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An Assemblage of Wonder

Mandy Beaumont

Above her, the fire-red canopy of an elm tree explodes into the darkening blue sky, its leaves a hard-won celebration of change, the blush-carpeted ground beneath her their fallen confetti. She is contracting and expanding in place. She is a deeply felt sigh, a woman sitting alone in the dying of the day’s light, in the pleasured ache of autumn moving to winter.

In front of her, a group of women in gold headbands and hot pink elastic shorts sit on a rug and drink wine. An old woman walks by singing to herself. A man and his young son rest on the edge of the colossal fountain and point up at three concrete half-fish half-humans holding up its base with water slow flowing over their unmoving heads.

She feels the first cool wind of the oncoming night brush against her knees, and twists a thin gold ring on her index finger, remembering her father giving it to her as his last gift. The last day she saw him. The excitement she felt as she drove down the highway for days to reach here. The missed phone calls from her mother just days later. Promising to return home to Queensland, but never getting on that plane. Her new home offering a relief from what was, and the potential for making new memories.

On a long green seat to her left, a young couple bend into each other and laugh. Near them, a small child lies at his father’s feet on the grass, his chest rising like a swelling ocean. They are, she thinks, all of them, together as memory unfolding. Together they are watching the distant city lights start to brighten. Together they are lifting their noses to the smoke filling the air from the chimneys of nearby homes. Cheeks flushed, arms stretched, mouths moving, their shared space a tapestry of involvement.

She loved these gardens, had loved them since she discovered them a decade ago: a handful of coins grabbed from the share-house kitty jar, and her voice echoing down the hallway and into bedrooms—I’ll go get the bread and milk. Walking down towards Rathdowne Street in the early morning with Ugg boots on, a scarf around her neck, muttering to herself about a kind of cold she’d never felt before. Without gloves, her fingers began to cramp, and as she turned left onto the already busy street, she saw it for the first time—the great hall fixed solid in Carlton Gardens. Its cast iron dome rising high up into the grey morning sky and surrounded by black skeleton trees bereft of foliage. Its grand entrance larger than any she’d ever seen. As she walked through what would become an electric splendour of perfectly planted flowers in summer, the heavy hum of the unexplored city softened and quietened behind her. This place of leisured history and perfectly manicured lawns was a place of belonging for her, a soft-hearted embrace for the newly arrived, a place of refuge, of return, of building new memory. Golden brown leaves twisted in the air at her ankles.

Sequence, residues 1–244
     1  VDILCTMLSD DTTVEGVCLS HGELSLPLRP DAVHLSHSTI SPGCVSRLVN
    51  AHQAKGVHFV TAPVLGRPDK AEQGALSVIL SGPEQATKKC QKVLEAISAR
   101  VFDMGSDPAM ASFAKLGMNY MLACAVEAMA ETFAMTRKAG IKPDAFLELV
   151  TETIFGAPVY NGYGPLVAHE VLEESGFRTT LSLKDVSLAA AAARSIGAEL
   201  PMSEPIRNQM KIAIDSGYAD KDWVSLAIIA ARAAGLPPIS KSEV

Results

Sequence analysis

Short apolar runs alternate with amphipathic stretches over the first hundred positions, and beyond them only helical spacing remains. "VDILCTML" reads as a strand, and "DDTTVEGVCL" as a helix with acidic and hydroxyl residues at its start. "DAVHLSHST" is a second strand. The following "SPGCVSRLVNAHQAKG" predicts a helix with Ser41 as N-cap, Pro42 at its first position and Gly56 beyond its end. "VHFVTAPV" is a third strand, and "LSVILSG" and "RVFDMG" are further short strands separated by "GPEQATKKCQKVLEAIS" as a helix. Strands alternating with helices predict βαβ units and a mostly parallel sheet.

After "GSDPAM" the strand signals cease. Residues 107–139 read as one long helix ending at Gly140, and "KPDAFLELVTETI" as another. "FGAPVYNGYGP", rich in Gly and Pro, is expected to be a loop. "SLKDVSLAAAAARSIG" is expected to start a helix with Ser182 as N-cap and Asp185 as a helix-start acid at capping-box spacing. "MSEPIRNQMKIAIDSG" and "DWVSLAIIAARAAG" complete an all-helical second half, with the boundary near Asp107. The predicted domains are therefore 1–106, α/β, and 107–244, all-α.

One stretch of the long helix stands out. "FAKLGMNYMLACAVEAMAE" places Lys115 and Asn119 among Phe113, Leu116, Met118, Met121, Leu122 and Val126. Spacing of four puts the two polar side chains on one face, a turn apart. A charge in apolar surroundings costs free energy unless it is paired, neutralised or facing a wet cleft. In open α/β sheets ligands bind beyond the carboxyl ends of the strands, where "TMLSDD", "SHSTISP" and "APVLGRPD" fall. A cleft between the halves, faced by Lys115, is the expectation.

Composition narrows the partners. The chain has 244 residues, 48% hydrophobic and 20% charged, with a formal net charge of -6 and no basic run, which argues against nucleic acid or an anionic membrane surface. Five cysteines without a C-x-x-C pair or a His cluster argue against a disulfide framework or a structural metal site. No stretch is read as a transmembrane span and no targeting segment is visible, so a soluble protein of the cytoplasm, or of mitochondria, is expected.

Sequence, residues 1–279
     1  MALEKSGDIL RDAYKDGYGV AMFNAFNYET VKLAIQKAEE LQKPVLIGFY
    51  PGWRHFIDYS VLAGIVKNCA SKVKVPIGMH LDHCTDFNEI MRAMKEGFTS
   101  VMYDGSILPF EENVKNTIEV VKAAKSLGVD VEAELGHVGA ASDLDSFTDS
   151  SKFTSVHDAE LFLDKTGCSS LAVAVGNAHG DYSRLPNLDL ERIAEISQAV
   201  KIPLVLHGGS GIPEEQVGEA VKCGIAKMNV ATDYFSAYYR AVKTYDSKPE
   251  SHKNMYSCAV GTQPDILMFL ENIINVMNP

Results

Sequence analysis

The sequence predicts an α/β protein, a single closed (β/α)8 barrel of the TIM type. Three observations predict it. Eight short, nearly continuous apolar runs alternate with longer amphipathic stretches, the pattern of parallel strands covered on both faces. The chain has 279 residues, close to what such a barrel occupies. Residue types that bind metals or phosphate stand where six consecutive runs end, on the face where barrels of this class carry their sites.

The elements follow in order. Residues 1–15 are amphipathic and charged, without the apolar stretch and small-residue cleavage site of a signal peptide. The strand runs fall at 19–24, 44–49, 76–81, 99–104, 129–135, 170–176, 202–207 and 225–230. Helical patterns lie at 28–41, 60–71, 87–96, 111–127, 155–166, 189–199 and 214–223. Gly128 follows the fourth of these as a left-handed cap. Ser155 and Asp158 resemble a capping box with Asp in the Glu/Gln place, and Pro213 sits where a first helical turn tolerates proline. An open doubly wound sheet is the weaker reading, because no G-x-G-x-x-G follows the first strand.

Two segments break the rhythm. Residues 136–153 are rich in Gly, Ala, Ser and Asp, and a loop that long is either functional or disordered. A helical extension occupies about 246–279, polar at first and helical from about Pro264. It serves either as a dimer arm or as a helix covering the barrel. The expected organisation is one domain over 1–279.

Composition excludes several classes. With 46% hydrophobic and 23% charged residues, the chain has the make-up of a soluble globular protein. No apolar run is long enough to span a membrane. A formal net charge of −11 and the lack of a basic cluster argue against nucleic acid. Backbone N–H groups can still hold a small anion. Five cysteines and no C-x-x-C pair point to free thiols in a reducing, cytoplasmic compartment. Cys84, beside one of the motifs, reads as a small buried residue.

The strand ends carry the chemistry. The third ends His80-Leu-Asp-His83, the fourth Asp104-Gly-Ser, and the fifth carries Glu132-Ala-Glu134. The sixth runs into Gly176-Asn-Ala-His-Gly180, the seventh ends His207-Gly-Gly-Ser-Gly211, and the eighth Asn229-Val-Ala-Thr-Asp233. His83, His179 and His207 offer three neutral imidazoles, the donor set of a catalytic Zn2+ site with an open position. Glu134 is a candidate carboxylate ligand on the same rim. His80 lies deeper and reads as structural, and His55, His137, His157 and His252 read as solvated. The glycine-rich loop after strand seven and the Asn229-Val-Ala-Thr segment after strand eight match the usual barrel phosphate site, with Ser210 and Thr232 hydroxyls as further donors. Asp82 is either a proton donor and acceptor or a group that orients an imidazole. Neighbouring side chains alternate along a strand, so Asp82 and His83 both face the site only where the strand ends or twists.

Tonight, as the new moon starts to rise as a shining motif over the canopy of trees, she watches the women with gold headbands and hot pink elastic shorts start to get up and hold each other close, hug each other as sweet goodbyes—a new memory for each of them to hold on to, she thinks, and a reminder to her of how physical friendship can be. The young boy is now a watery mess of tears, sitting on his father’s lap in babied anguish, as his mother crouches in front of them both and holds tissues to his eyes for relief. When he is an adult, she wonders, will he think back fondly on the comfort given so freely by his parents? Will he, like her, think of the last day he saw his father?

She places her headphones in her ears, taps play, and the wounded-sound lament of Paul Kelly’s love lost and found in places not far from here fills her ears. It blares—so pretty and dangerous—his celebrated voice firing longing and regret for so many in this city. And as his voice lifts in her ears—love like a bird flies away—she rises from the blush-carpeted ground, starts walking to the edge of the park towards home, watches as the night advances without burden over the rooftops of houses that have stood around the edges of these gardens for generations. What stories do they hold, what memories have shaped within them? She reaches the edge of the gardens, where a pair of young lovers are kissing under a streetlight—as perfect as a cliche she thinks, but forever original in their new loving. As she passes, one of them looks over to her and smiles, their mouth opening wide like a breaking wave near the shoreline, and they are surging with wonder and contracting and expanding in a place that they may never forget. She walks on.

In the pleasured ache of autumn moving to winter, she knows she is a small movement in a symphony of far grander proportions, a long breath in a tender collective sigh, a treasured detail of another’s recollection. She is, picking up her pace and one step, two, jumping on a bus on Rathdowne Street, her new home now two suburbs away. She is, standing on the bus and seeing her reflection in the windows as a splitting image of her father. She is, an assemblage of wonder, a seasonal delight, a woman who knows where she now belongs. Watch her.


Mandy Beaumont is an award-winning writer, researcher and reviewer. Her collection of short stories, Wild, Fearless Chests, was shortlisted for the Richell Prize, the Dorothy Hewett Award, and a story from the collection won the MOTH Short Story Award. She teaches at Griffith University and is a researcher at RMIT. Mandy’s debut novel, The Furies, is out in 2022.


Illustration: Nyein Chan Aung


Brought to you by the Metro Tunnel Creative Program for Melbourne Writers Festival. Excerpts of ‘Writing Melbourne’ and accompanying illustrations can be seen at City Square on Swanston Street when restrictions ease.